To illustrate, Mr. Sandel asks us to suppose for a moment that the person possessing the information will not reveal it under torture in time to stop the ticking bomb.  Because of the time constraint, it now becomes necessary to torture the bomber’s 10-year-old daughter in front of him in order to make him talk.  All morality of the ticking bomb scenario goes out the window when faced with harming an innocent child.  This argument strips the will to torture away from all but the most evil among us.  Well-said Mr. Sandal.  Q.E.D.

I thought it unusual that Mr. Sandel would make these two points in the same discussion.  I also found it interesting that he could not (would not?) connect the conclusion of his second argument with premise of his first.

Both seek to harm the individual, supposedly in favor of the majority.

Let’s take Mr Sandal’s brilliant example of torturing the little girl and apply it to the notion of wealth redistribution.

Consider for a moment that even the poorest people in the United States are wealthy by global standards – for example, the poorest five per cent of Americans earn on average the same as the richest five per cent of India’s population.

If we are considering what is truly the right thing to do shouldn’t we consider all people and not just those in the United States?  Given that assumption it would now become necessary to raise taxes not just on the rich but also on the middle class and even the lowest income earners in America (for they are all seen by those in India as being fabulously wealthy).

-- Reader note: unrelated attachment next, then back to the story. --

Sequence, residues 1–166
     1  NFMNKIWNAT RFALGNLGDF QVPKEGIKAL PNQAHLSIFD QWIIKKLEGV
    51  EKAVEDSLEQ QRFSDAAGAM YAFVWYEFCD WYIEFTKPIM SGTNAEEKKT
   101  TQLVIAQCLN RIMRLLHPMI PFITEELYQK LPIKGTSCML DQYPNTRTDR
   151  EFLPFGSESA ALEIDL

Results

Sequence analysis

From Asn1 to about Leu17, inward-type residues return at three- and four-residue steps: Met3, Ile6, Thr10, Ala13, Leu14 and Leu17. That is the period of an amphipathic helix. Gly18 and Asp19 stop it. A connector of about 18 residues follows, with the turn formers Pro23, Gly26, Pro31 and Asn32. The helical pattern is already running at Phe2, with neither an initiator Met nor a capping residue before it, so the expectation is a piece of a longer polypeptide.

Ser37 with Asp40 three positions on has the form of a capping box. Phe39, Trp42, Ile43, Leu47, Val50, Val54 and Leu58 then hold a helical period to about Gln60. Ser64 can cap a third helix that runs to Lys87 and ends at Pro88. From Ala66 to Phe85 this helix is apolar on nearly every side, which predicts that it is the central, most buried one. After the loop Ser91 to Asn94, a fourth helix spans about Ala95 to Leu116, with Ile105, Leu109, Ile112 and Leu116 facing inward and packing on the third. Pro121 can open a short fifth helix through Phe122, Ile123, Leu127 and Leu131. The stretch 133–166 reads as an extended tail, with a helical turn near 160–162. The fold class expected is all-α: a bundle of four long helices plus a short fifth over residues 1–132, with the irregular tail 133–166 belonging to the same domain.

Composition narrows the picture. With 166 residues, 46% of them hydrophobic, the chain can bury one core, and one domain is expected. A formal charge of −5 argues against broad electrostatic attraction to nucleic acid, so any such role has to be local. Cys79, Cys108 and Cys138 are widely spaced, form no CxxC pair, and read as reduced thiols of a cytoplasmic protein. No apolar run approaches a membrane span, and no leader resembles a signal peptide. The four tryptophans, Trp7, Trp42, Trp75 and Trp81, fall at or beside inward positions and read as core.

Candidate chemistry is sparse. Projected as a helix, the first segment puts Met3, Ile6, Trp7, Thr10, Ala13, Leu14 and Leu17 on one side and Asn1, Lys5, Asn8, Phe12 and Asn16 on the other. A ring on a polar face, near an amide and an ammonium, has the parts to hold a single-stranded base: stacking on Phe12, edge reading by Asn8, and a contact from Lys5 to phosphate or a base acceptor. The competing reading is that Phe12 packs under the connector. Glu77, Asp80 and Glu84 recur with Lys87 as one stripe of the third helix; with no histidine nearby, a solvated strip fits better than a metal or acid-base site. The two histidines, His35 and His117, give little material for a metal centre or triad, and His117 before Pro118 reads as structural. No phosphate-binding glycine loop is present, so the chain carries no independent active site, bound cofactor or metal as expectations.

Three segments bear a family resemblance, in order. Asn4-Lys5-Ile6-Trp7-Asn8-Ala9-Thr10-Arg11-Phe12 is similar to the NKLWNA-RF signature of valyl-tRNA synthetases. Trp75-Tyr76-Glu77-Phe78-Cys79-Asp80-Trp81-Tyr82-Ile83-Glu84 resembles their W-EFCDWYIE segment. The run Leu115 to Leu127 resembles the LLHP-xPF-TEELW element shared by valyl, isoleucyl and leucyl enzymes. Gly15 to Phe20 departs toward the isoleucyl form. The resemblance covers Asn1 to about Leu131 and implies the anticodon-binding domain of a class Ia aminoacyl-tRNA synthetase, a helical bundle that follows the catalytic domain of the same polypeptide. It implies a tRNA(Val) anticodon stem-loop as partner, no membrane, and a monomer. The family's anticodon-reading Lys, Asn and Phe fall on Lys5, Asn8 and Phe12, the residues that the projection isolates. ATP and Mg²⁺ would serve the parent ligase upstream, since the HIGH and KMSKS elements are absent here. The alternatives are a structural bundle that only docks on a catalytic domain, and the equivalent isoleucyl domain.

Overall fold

The money collected would then be used not to help the poor in the United States but would go to help the truly destitute peoples of the world.  All funding to US programs would cease until the standard of living in the US were lowered and that of rest of the world had been brought up to a comparable level.

While I do not think this is what Mr. Sandal is proposing in the short term, I do think that this is his ultimate conclusion.  Wouldn’t that be the right thing to do?  In 1913 the first income tax was 7% and only applied to incomes over $500,000 (Over $11MM in 2012).  Today, income taxes are well, you know.  I am not against Mr Sandel’s ideas of fairness and taxation because I hold any love for “rich people”.  I am against it because I know he will eventually get to me.  And you.

I submit that it is not the needs of the poor that leads us to tax the wealthy and the middle class as much as much as your desire to decide what is fair, the underlying belief that the rich can afford it and, let’s face it Mr. Sandal, your belief that they deserve it.

I am not in favor of granting government the power to decide what is “right” and ‘fair” for me.  I will do what I can.  If you want more convince me to help.  Don’t force me.  These are serious problems, if you can’t convince people to help willingly, then you’re not really up to the task of solving those problems anyway.